I learned how to make this super simple, rustic & traditional Italian pasta at one of the 18 Reasons Noodle Labs (see my post on the class here) that I attended in the Mission here in San Francisco.  If you’ve never attended an 18 Reasons class, I strongly recommend doing so…super fun, laid back and informative!

What I love about this particular pasta, though, is that it forces you to slow down, use your hands, and enjoy some quality time (and wine!) with friends while making it…don’t try to make this pasta alone!  It wouldn’t be nearly as fun and you’d end up stuck at a table rolling out the pasta for an hour to get enough for two by yourself.  But don’t let that scare you off, I promise it’s super easy, just a bit manual, but the resulting pasta (and traditional breadcrumb topping that goes along with it) is so worth it.  I know it’s going to feel a bit odd for some to not have a sauce and instead just have the pasta with the breadcrumb topping…but trust me on this one, the Italians know what they’re doing!

This recipe is directly from my 18 Reasons Noodle Lab recipe booklet:

1 cup semolina flour (6 oz)
1 cup all-purpose flour (5 oz)
¾ cup water (6 oz)
extra semolina flour for dusting & keeping noodles separate before cooking

Breadcrumb Topping;
1 cup rough bread crumbs
2 cloves garlic, minced
Minced leaves from a few sprigs oregano
¼ tsp red pepper flakes
optional: 2 oz cubed pancetta

To make the pici:

Mix & knead both flours and water.  Let rest for 10 minutes.

Cut the dough into four pieces and work with one at a time (keeping the rest wrapped in plastic wrap or a towel).

Flatten the dough into a sheet 5″ wide and ¼” thick and sprinkle with semolina flour.  Using a bench scraper, cut into thin logs.  Keep the logs from sticking together (using more flour) or drying out (cover with wrap/towel).  Dust a tray or baking sheet with semolina flour.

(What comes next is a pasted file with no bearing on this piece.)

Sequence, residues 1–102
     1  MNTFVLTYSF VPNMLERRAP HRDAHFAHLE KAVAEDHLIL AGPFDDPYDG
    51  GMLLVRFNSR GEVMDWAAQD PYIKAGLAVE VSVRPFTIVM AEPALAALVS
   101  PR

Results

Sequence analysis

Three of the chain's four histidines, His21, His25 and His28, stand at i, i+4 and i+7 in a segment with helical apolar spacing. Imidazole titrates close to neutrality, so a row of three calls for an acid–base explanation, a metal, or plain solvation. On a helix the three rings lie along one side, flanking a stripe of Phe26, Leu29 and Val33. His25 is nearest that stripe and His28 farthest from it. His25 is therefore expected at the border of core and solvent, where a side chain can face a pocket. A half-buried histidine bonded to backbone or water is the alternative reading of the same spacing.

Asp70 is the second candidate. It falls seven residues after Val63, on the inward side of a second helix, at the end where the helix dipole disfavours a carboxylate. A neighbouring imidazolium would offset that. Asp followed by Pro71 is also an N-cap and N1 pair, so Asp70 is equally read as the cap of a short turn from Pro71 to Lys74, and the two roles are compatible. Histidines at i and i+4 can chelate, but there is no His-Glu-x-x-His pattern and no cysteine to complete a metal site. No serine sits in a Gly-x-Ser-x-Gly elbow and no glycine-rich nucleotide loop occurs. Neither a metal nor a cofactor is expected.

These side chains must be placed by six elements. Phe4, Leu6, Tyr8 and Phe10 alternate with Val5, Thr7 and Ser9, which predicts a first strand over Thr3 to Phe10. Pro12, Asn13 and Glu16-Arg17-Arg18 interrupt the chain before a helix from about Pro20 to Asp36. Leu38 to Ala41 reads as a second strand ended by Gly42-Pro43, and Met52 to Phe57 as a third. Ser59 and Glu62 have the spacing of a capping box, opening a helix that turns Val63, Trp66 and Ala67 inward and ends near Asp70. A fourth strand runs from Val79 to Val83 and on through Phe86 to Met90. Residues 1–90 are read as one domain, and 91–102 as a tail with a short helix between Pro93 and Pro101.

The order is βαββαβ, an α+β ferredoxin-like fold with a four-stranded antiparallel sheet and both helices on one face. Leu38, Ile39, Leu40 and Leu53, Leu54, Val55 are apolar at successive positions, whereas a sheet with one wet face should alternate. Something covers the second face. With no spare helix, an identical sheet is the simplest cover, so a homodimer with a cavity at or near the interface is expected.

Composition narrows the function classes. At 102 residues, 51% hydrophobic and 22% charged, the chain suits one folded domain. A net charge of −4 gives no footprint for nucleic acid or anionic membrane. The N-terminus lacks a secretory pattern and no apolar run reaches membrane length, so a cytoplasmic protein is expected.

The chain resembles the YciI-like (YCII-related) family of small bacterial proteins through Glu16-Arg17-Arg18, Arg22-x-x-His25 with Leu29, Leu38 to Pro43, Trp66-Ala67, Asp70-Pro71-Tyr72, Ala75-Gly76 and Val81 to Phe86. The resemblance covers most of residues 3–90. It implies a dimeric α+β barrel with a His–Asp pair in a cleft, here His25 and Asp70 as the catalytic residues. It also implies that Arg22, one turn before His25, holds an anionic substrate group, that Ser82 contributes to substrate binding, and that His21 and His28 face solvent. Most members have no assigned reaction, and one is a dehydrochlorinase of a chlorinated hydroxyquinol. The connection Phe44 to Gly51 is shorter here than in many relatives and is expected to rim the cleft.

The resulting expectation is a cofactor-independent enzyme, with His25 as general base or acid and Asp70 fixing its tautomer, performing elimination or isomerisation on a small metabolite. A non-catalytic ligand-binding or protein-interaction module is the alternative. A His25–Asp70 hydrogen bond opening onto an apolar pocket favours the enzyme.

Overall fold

Now it’s time to bring in the friends!  Each “picaiolo” takes a log and rolls it beneath their fingers on the table, moving from the middle to the ends, stretching gently outwards.  The goal is a long, thin snake…dig deep and resurrect your play-doh skills!

*Tips: If the dough is dry & sliding instead of rolling, mist the surface with a bit of water.  If the dough is sticky, lightly flour the surface.  If the snake gets too long, pinch it in half and keep rolling.

Set the finished pici on the floured tray.  When you have a bunch, roll them in semolina to coat and push them together to make room for more, keeping them lined up in one layer to prevent sticking.

After you make the breadcrumb topping (below), add the pici to a large pot of salted boiling water.  Cook fully (~3-5 minutes), drain well and empty into the pan you used to make the breadcrumbs, off-heat.  Toss pici with a little olive oil and most of the bread crumbs and adjust seasoning.  Remove to a bowl and top with remaining breadcrumbs.  Mangia!


To make the breadcrumb topping:

Cook pancetta (if using) in a little olive oil at medium-low until it renders & turns crisp, about 15 minutes.

Heat olive oil (or add a little more to the pancetta if you used).  Cook garlic & oregano for a minute, then add red pepper flakes and bread crumbs.  Toss occassionally until crisp & golden, about 10 minutes, adding more oil if the pan gets dry.  Don’t let the garlic burn (or it will taste bitter)!  Remove crumbs from pan and set aside.